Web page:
217380 Relationship between radon exposure and lung cancer prevalence in selected counties in Colorado, New Mexico, and Texas

Wednesday, November 10, 2010 : 12:30 PM - 12:50 PM

Nour Abdo, MPH, BVMS, CHES , Department of Health Science, MSC 3HLS, New Mexico State University, Las Cruces, NM
Ashley Graboski-Bauer, MPH, CHES , Emergency Response Team/Public Health Preparedness, Texas Department of State Health Services, El Paso, TX
Ruja Abdo, MVetSci, MPH, BVMS , Veterinary Sciences Laboratory, Jordan Ministry of Agriculture, Raleigh, NC
Introduction: Residential radon (RR) exposure is the second leading cause of lung cancer. Smoking amplifies the risk of developing lung cancer due to RR exposure. Despite public health campaigns and free testing programs, RR causes an estimated 22,000 lung cancer deaths in the United States yearly. The present study was undertaken to analyze lung cancer rates between counties in New Mexico, Colorado, and Texas based on predicted average levels (PAL) of RR.

Methods: Data pertaining to radon levels, lung cancer rates, and smoking was collected from several state, county, and federal sources. Counties were selected based on their smoking rates and government-designated PAL of RR. Data was analyzed using a variety of statistical measures to determine whether there existed a significant statistical difference between lung cancer rates and PAL of RR.

Results: Analysis revealed a statistically significant difference in county rates of lung cancer by predicted radon exposure level (F=10.21, p-value < 0.0002). However, the rate of lung cancer in counties with a low PAL of RR was significantly higher than that in counties with a high PAL of RR. Texas counties had significantly higher lung cancer rates (F= 14.73, p-value< 0.0001) than New Mexico and Colorado counties.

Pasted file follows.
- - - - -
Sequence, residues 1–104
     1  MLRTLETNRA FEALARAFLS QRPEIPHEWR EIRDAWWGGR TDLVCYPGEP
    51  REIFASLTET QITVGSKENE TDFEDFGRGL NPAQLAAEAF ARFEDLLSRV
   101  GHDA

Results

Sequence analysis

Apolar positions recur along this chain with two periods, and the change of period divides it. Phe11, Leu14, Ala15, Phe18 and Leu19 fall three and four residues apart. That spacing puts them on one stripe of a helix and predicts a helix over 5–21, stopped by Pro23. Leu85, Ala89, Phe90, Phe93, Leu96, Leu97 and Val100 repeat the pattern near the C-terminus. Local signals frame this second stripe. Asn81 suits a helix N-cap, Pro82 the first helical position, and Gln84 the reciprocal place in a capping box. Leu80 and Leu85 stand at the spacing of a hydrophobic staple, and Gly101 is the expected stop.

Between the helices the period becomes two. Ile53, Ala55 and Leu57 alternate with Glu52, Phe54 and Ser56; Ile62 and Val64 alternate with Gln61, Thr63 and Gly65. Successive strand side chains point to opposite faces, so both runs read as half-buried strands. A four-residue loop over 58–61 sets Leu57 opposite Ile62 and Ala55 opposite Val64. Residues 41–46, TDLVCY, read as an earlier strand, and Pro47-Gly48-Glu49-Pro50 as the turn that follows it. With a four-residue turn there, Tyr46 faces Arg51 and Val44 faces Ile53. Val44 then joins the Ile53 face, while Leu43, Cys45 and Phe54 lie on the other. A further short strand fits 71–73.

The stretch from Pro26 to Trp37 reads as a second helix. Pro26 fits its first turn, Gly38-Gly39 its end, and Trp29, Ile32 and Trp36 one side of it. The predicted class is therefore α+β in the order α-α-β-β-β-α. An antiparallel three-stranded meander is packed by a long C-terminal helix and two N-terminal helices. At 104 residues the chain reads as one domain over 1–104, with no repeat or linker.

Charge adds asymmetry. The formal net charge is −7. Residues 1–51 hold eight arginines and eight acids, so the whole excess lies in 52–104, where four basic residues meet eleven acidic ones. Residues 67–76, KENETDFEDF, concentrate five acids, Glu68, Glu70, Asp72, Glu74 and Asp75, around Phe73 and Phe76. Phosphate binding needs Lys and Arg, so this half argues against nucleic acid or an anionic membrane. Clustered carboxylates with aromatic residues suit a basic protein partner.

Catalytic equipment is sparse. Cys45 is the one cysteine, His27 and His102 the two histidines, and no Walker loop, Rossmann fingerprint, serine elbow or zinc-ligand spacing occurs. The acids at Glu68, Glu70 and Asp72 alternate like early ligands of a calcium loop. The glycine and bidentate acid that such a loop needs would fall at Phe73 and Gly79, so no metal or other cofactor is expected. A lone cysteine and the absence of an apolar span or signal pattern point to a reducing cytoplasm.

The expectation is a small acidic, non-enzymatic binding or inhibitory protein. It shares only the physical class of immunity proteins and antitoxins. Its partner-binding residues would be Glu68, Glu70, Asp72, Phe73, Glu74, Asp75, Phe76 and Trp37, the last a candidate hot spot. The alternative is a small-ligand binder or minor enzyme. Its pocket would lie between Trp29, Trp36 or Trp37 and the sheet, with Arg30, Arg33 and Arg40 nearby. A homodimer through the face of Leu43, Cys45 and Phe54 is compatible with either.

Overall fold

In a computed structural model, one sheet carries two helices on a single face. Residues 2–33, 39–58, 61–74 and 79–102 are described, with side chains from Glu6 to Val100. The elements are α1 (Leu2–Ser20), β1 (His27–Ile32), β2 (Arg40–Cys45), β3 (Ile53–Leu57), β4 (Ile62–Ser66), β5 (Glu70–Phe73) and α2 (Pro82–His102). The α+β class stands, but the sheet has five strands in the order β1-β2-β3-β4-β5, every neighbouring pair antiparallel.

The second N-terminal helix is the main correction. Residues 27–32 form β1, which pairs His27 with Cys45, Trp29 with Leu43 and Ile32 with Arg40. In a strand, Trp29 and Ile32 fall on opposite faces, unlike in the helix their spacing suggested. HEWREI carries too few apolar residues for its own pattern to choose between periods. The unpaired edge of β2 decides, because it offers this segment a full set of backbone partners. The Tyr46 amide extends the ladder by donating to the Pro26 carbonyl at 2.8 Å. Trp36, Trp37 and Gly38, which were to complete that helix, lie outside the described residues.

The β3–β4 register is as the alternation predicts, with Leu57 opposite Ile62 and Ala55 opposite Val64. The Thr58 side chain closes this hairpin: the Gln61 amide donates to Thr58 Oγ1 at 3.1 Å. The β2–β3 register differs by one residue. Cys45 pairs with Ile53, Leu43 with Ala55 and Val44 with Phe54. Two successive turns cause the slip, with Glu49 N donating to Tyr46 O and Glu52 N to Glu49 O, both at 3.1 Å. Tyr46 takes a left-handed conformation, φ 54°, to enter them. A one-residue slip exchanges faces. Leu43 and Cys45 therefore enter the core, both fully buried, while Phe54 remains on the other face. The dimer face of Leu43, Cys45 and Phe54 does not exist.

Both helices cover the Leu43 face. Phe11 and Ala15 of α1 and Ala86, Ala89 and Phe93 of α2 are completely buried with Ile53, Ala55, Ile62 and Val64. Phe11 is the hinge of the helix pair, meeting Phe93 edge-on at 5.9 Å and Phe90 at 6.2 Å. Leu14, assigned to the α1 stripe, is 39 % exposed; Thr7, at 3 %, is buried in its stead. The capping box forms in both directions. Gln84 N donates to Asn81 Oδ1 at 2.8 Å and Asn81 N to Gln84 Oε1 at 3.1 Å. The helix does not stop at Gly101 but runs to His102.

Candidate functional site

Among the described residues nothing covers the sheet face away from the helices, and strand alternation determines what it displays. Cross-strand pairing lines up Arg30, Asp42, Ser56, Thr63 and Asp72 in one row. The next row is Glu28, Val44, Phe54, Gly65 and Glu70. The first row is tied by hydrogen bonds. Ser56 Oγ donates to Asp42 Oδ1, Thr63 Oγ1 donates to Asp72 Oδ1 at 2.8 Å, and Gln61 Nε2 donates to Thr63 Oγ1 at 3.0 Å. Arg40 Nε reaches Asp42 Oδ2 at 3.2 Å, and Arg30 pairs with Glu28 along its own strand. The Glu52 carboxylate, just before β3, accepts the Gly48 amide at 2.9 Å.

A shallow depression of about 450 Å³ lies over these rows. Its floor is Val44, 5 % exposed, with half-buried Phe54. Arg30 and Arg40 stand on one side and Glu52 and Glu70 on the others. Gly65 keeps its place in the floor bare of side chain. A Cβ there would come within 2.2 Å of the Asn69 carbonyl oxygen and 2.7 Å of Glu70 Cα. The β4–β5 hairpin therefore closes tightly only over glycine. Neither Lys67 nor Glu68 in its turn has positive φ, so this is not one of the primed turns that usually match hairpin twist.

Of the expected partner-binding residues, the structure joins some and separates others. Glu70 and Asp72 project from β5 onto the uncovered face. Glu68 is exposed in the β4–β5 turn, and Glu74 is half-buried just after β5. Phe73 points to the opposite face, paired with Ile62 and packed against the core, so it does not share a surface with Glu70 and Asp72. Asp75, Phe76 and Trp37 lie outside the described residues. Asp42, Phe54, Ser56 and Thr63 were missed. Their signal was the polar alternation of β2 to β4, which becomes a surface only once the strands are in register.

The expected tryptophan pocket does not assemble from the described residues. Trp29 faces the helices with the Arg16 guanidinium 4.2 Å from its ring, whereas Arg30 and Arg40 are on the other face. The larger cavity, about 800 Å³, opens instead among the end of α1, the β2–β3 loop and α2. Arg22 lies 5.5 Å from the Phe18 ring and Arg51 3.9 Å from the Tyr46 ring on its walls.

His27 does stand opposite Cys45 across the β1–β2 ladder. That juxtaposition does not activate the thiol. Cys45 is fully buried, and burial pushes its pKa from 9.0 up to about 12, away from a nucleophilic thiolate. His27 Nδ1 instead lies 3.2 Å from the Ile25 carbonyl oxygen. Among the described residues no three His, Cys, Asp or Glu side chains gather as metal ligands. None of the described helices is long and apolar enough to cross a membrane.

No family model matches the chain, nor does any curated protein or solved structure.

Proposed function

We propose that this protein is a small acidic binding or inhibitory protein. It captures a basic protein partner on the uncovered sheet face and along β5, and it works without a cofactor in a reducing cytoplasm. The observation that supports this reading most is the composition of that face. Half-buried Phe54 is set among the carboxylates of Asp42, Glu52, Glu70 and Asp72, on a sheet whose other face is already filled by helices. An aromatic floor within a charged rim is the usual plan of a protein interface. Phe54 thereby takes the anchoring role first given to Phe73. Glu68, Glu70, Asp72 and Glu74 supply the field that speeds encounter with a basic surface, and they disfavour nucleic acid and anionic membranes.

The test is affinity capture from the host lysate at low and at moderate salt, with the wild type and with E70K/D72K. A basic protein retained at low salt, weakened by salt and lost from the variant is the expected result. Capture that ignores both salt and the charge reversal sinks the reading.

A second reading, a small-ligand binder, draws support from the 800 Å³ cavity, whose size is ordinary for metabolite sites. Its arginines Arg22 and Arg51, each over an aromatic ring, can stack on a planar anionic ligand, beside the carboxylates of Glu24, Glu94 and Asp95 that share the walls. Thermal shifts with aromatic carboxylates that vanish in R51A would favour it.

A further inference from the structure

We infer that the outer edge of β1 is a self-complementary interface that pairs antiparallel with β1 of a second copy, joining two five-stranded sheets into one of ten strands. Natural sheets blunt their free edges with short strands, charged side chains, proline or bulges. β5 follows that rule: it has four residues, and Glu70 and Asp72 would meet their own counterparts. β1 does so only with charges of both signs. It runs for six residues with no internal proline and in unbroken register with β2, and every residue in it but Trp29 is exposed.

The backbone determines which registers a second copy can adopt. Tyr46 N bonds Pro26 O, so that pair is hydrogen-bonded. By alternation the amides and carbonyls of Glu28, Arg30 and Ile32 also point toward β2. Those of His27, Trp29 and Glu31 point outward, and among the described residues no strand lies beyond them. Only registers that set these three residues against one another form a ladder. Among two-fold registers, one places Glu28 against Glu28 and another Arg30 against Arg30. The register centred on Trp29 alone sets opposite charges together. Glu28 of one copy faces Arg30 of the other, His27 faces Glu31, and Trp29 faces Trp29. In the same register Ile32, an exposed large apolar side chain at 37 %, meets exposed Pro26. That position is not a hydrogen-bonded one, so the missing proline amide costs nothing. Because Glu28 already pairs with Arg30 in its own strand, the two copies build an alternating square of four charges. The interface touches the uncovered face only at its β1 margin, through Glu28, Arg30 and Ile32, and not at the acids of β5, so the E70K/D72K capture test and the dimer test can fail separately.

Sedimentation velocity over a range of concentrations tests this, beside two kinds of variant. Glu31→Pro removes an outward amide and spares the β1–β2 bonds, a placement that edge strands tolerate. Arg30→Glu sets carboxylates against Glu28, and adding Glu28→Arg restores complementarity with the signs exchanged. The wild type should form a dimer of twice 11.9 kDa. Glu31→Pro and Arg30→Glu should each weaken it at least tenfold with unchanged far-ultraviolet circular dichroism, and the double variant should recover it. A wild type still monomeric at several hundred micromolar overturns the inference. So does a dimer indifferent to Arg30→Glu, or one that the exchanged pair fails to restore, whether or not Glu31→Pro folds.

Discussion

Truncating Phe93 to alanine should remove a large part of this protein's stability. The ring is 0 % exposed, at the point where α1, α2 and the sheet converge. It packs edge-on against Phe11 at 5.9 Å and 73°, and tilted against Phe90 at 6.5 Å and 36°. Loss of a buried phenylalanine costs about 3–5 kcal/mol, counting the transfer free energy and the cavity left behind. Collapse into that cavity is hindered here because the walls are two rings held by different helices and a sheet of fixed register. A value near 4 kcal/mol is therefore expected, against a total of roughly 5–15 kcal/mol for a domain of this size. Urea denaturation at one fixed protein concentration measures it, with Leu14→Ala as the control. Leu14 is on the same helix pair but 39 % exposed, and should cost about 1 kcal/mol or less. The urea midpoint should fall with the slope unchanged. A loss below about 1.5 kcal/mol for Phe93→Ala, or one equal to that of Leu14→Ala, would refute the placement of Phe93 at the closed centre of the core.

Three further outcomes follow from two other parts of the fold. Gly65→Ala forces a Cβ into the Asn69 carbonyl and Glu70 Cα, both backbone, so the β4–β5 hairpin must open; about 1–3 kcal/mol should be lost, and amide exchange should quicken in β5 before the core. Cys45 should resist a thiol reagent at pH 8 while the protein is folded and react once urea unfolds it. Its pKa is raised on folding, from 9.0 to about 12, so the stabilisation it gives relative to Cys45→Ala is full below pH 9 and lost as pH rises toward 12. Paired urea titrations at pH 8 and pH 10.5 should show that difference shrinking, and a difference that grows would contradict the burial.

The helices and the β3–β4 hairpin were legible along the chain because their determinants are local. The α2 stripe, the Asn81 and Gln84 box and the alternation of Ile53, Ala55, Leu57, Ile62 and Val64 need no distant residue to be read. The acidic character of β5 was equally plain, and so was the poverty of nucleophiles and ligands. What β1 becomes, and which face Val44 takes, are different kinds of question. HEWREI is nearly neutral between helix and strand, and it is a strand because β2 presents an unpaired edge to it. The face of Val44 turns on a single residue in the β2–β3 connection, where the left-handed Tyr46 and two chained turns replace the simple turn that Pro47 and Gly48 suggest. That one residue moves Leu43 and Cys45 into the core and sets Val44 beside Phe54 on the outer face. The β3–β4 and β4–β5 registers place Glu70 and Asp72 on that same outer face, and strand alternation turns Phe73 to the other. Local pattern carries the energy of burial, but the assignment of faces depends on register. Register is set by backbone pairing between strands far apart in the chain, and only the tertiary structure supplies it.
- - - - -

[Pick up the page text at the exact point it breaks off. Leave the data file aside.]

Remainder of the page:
Conclusions: The results of the present study suggest a significant confounding variable leading to increased lung cancer rates other than smoking or radon; this in turn highlights the need to consider multiple etiological factors when studying the relationship between RR exposure and lung cancer.

Learning Areas:
Environmental health sciences
Public health or related research

Learning Objectives:
Review evidence of the relationship between lung cancer and residential radon exposure. Assess the relationship between lung cancer and residential radon exposure in New Mexico, Texas, and Colorado. Hypothesize additional confounding factors leading to increased rates of lung cancer in low residential radon counties compared to high residential radon counties.

Keywords: Cancer, Environmental Exposures

Presenting author's disclosure statement:

Qualified on the content I am responsible for because: I have extensive education and experience in medical and health professions and research. The content of the abstract is based upon research I completed in relation to my graduate thesis, which was approved by the graduate committee in terms of its scientific rigor and merit.
Any relevant financial relationships? No

I agree to comply with the American Public Health Association Conflict of Interest and Commercial Support Guidelines, and to disclose to the participants any off-label or experimental uses of a commercial product or service discussed in my presentation.